For those looking to purchase a bike, either brand new or used, the best retailers to start with include:

  • One Peloton
  • Freecycle
  • eBay
  • Amazon
  • REI
  • BikesDirect

Many of these retailers operate purely online, giving consumers access to an increased number of variations and options than can often be found in local bike shops, and also providing various deals and discounts in line with seasonal deals and applicable vouchers.

With cycling becoming more and more of a common and sociable activity, the opportunity for market growth for those retailers offering accessories and extra features in particular is huge, with some of the most successful retailer stocking bikes and accessories which are designed for and tailored to a wide variety of demographics and potential target consumers – from children up to adults, professionals athletes and beyond.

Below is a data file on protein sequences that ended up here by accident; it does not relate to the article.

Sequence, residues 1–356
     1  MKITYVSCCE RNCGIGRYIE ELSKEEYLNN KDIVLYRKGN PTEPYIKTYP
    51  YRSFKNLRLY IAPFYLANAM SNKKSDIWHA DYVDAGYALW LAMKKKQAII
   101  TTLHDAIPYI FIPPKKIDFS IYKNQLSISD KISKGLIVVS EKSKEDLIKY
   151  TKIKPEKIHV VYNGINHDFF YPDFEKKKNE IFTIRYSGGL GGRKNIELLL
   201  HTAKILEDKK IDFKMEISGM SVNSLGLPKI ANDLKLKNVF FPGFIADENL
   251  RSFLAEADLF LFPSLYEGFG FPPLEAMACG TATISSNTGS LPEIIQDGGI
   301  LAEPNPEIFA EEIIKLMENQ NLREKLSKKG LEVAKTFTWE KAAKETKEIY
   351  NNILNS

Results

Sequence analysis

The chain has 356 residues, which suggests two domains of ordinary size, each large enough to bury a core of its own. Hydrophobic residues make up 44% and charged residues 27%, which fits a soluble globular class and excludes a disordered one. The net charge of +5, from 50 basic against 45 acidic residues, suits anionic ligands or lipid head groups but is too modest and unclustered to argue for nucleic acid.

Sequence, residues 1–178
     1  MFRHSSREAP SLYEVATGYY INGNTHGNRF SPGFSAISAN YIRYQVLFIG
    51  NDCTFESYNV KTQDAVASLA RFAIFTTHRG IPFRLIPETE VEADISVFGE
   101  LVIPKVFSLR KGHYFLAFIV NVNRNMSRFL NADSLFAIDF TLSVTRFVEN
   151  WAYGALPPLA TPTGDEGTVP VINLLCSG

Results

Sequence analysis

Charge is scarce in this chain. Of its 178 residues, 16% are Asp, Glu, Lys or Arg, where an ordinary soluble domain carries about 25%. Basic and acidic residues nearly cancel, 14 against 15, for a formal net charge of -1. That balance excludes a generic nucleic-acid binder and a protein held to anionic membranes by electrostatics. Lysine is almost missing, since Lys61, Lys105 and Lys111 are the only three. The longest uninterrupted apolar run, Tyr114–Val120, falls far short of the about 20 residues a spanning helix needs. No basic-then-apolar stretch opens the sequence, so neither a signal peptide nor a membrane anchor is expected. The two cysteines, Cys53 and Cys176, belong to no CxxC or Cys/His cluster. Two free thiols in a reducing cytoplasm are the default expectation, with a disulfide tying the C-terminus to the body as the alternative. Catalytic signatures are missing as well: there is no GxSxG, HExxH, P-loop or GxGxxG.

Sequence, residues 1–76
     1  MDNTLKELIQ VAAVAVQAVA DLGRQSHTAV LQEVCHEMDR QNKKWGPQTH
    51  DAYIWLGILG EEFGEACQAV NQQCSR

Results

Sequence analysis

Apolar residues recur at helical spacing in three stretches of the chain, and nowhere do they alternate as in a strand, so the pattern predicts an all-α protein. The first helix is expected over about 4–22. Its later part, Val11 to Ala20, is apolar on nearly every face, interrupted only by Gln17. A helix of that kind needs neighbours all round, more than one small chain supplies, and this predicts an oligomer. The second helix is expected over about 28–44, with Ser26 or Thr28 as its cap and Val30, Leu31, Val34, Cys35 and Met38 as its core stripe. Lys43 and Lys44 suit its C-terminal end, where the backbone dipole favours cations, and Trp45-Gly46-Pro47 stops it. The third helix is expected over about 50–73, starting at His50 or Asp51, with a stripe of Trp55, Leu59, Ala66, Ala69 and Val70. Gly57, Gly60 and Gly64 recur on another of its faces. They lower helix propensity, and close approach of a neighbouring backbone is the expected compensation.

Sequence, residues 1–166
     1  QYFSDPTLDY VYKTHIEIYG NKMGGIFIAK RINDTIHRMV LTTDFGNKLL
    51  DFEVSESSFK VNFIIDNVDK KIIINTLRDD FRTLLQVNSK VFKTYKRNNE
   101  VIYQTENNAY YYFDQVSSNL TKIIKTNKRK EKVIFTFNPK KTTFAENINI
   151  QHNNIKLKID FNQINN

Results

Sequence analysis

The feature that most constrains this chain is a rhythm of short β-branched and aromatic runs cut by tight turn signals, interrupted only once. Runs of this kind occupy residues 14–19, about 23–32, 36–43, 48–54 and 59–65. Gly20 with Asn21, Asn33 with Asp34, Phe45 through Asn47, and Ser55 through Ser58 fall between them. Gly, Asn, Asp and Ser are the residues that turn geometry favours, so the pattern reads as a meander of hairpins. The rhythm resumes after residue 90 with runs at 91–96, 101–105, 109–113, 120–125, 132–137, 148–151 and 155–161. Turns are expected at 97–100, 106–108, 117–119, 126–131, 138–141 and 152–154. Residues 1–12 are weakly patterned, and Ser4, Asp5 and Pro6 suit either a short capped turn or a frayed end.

Some of the top accessories which are sold hand in hand with bikes include:

  • Stabilisers for children’s bikes
  • Bicycle bells
  • Handle tasses for children’s bikes
  • Bicycle baskets
  • Bicycle seats
  • Helmets
  • Bike lights and reflective frame strips
  • Adjustable tri-bars for those looking to replicate the racing form on their bike
  • Bike repair kits
  • Tyres and specialised wheels for different surfaces and riding styles

As you can see from this list, much of the cycling industry is split depending on riding style and knowledge of the sector, with some consumers simply looking for a standard bike to take them from A to B, while other more advanced cyclists are looking for products and brand retailers which support more of a high end vision.